Family Vacations, Summer 1996
Jaw-Dropper: Even old canoe hands express amazement at finding such clear water and white sand in New England.
Digression: About 21 miles downstream from Center Conway, a mile-long channel leads to Lovewell Pond, where paddlers are rewarded with views of Mount Washington and other peaks in New Hampshire's Presidential Range.
The Saco in a nutshell: Put In/Take Out: Center Conway, New Hampshire/Hiram, Maine. Length: 43 miles; three days. Prime Time: May and June; the water gets low in July. Traffic: Heavy on summer weekends. Rapids: One short section of Class I. Portages: An optional 20-yard end run around the remains of a wooden dam at Walker's Falls, and a mandatory 300-yard portage around the minihydro dam at Swan's Falls. Facilities: Four commercial campgrounds (just the basics) and two campgrounds operated by the Appalachian Mountain Club; camping permitted on unposted sandbars from the Maine state line to Hiram. Outfitters: Saco Bound (603-447-2177), Canal Bridge Canoes (207-935-2605), Saco River Canoe & Kayak (207-935-2369), River Run (207-452-2500), and Woodland Acres Camp 'n Canoe (207-935-2529). Information: Appalachian Mountain Club (603-466-2721).
PEACE RIVER, FLORIDA
Anglers land bass, bream, and catfish from the tea-colored water. Watch for herons, red-shouldered hawks, and snowy cattle egrets. You'll also tally otters, turtles, and deer.
Jaw-Dropper: A 15-foot, knobbly-backed log on the riverbank suddenly rises and jumps into the river with a tremendous splash: an alligator. Though a fair number of them patrol the Peace, no paddler has ever been attacked.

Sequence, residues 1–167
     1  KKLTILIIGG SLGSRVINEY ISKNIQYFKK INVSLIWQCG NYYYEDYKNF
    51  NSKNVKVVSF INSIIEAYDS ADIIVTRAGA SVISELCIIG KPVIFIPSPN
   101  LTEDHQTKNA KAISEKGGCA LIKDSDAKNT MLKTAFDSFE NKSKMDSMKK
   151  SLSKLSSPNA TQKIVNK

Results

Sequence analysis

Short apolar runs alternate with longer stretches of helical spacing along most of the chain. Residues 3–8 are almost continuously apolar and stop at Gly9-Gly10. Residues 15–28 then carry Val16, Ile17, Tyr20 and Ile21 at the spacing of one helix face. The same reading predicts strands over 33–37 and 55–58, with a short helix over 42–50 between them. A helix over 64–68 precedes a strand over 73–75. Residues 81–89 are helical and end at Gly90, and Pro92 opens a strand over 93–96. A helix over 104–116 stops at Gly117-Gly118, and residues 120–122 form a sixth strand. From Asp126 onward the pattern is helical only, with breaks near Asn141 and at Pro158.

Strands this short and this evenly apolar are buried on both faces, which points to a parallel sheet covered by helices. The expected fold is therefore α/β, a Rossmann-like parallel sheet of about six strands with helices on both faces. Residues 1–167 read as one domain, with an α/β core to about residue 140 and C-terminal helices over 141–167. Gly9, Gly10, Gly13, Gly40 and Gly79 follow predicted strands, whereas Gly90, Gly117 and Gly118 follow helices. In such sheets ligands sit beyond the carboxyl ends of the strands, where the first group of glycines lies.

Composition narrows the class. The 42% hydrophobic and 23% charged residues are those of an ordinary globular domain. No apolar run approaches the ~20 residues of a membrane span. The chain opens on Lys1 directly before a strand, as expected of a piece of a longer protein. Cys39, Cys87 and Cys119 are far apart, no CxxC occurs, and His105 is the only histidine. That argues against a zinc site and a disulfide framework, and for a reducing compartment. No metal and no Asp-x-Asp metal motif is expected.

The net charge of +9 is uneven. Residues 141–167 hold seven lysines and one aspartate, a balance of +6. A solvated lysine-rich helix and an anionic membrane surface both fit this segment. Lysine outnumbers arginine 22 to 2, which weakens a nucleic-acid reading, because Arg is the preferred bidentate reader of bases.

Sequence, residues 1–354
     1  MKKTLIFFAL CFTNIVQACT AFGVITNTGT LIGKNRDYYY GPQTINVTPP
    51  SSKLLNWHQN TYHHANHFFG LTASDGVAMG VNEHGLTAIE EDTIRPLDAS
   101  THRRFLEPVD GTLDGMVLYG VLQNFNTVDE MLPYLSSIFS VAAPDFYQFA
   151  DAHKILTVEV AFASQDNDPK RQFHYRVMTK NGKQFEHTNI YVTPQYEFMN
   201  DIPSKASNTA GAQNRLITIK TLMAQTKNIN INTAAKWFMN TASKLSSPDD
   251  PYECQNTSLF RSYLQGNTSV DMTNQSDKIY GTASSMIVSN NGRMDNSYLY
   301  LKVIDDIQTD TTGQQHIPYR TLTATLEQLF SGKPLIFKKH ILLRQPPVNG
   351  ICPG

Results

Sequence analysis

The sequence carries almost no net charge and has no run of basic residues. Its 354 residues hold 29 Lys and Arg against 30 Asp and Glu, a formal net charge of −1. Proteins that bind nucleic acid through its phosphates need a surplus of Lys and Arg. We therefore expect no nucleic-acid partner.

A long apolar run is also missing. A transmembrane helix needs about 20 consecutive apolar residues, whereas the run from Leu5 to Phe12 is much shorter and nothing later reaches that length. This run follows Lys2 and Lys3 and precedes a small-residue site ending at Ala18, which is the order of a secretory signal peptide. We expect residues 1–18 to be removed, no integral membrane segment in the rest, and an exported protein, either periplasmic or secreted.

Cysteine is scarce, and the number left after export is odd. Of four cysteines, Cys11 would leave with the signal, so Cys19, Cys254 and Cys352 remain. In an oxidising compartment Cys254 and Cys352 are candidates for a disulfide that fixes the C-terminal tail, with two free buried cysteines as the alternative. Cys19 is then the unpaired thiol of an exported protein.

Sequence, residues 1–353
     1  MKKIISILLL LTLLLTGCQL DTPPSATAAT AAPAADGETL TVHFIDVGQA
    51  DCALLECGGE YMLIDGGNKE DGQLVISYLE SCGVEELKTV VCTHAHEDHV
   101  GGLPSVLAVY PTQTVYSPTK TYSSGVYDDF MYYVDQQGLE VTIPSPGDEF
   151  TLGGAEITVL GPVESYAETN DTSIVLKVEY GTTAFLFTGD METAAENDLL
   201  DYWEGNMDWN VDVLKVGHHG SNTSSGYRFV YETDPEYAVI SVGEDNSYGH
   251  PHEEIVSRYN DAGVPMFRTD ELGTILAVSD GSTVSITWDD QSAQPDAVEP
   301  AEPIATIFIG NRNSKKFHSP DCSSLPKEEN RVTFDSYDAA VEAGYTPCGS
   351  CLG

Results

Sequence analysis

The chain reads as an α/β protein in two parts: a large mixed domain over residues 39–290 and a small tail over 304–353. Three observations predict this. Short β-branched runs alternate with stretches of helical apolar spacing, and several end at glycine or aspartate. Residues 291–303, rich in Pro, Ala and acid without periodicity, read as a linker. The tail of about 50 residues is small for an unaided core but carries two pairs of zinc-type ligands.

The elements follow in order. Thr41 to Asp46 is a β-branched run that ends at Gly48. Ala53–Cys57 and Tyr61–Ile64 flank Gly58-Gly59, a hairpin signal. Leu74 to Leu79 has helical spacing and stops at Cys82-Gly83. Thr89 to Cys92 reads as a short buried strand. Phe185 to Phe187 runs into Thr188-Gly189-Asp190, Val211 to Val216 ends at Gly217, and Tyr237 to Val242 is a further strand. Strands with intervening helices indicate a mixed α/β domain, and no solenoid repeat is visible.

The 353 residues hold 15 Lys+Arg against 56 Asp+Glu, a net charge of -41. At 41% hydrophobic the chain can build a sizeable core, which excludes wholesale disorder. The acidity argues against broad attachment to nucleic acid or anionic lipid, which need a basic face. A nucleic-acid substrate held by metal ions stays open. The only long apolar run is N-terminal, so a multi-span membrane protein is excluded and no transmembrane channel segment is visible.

Digression: About ten miles downstream from the Fort Meade Bridge, take a half-mile woodland walk along Paynes Creek to a state historic site where five Seminoles killed a pair of traders in 1849. Kids get a kick out of guides in period dress, a six-pound cannon, and a 100-foot suspension footbridge over the creek.
The Peace in a nutshell: Put In/Take Out: The state-designated Peace River Canoe Trail runs south, from the Fort Meade Bridge to the State Road 70 Bridge, west of Arcadia. Length: 67 miles, four or five days. Prime Time: Late May, early June; July and August are buggy and hot. Traffic: Crowded on spring weekends; quieter during the summer. Rapids/Portages: None. Facilities: Two commercial campgrounds; wilderness camping along most of the canoe trail. Outfitters: Canoe Outpost (941-494-1215); Canoe Safari (941-494-7865). Information: Florida Department of Environmental Protection, Office of Greenways and Trails (904-487-4784).
NIOBRARA RIVER, NEBRASKA
Lots of families tie inner tubes behind their canoes and let the kids freeload. A Niobrara tube isn't a standard-issue butt-wetter; it's a gigantic tractor-tire inner tube with a canvas deck. Rocky Ford, site of a natural rock dam, tends to bang up canoes-but the three-foot drop is perfect for tubing runs.
Jaw-Dropper: Okay, maybe only an eyebrow-archer, but more than 93 waterfalls spill into the Niobrara on this stretch, and some 30 are visible from the river in midsummer. To amuse the kids, turn cataract-counting into a competitive sport.